JENNER, EDWARD (1749–1823), English physician.
Edward Jenner is commonly regarded as the simple country doctor who, by recognizing the value of prudential folk-knowledge, and by acting with selfless determination to promote his "discovery" of vaccination, started the long march toward the ultimate eradication of smallpox, as yet the only disease to have been effectively eliminated through human endeavor. However, since the 1980s some historical scholarship has sought to explode this myth of heroic individualism by emphasizing the broader medical context in which Jenner operatedPage 1223 | Top of Article and by demonstrating how the ultimate acceptance of vaccination was due as much to the effectiveness of his social networks and the efforts of his supporters as to any intrinsic "scientific" superiority over alternative practices.
EARLY LIFE AND EDUCATION
Edward Jenner was born in Berkeley, Gloucestershire, on 17 May 1749 to Sarah Jenner (née Head) and her husband, Stephen, the local vicar. He was the eighth of nine children, and one of six to survive childhood. In October 1754, when Edward was just nine years old, his mother died during childbirth; his father followed just two months later. Orphaned, Edward was cared for by his sisters.
In 1764 Jenner was apprenticed to an apothecary in Chipping Sodbury. Six years later he traveled to London to perfect his knowledge of anatomy and surgery. In the metropolis, the simple country surgeon of legend assimilated himself into a social network that encompassed some of the most influential natural philosophers of the late Enlightenment, including the surgeons John Hunter (1728–1793), Everard Home (1756–1832), and Henry Cline (1750–1827), and the botanist Joseph Banks (1743–1820).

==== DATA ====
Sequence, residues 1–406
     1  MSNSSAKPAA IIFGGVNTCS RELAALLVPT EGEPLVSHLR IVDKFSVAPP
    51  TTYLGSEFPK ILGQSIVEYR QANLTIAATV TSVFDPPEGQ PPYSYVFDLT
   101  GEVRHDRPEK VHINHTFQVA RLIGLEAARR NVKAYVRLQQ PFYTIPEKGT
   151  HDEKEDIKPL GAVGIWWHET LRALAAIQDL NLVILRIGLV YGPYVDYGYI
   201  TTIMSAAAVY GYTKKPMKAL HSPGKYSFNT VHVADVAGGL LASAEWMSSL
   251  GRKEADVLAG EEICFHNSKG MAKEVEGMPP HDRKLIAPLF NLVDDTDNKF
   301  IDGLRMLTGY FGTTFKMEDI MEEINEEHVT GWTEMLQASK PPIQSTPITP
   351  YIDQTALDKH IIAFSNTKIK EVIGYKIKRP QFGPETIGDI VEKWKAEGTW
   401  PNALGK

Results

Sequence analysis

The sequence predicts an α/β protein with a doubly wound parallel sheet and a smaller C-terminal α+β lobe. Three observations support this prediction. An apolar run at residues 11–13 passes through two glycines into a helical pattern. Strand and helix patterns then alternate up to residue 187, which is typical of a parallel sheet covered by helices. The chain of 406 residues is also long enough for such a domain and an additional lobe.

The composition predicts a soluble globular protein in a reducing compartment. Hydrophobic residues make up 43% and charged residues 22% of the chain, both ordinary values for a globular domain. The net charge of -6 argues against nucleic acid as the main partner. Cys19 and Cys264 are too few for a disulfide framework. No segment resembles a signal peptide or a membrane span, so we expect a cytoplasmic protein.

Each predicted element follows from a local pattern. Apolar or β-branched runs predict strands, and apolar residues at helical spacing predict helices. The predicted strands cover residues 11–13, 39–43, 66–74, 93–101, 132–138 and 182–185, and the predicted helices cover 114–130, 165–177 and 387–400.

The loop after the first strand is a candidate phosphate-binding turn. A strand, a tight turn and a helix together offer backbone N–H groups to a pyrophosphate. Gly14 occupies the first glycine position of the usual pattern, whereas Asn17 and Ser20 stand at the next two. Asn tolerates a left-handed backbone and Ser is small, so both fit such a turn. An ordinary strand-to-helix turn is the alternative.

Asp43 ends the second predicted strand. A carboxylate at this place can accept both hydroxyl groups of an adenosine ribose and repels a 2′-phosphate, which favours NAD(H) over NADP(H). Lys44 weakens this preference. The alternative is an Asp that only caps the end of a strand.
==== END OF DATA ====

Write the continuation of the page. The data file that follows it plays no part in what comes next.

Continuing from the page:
In 1772 Jenner returned to Berkeley to practice as a surgeon-apothecary, remaining there for much of the rest of his life. In March 1788, at the age of thirty-eight, he married Catherine Kingscote (1760/1–1815), the daughter of a wealthy local gentry family. During their relatively short life together they had three children, Edward (1789–1810), Catherine (1794–1833), and Robert Fitzharding (1797–1854).
Jenner entertained a wide range of intellectual interests in poetry, botany, and natural history and was elected to the Royal Society in 1789. The importance of sociability to the practice of medicine in this period is evident in his reputation as a fine host and in the names of two local bodies of which he was a member, the Convivio-Medical Society of Alveston and the Medico-Convivial Society, which he helped to establish at Rodborough in 1788.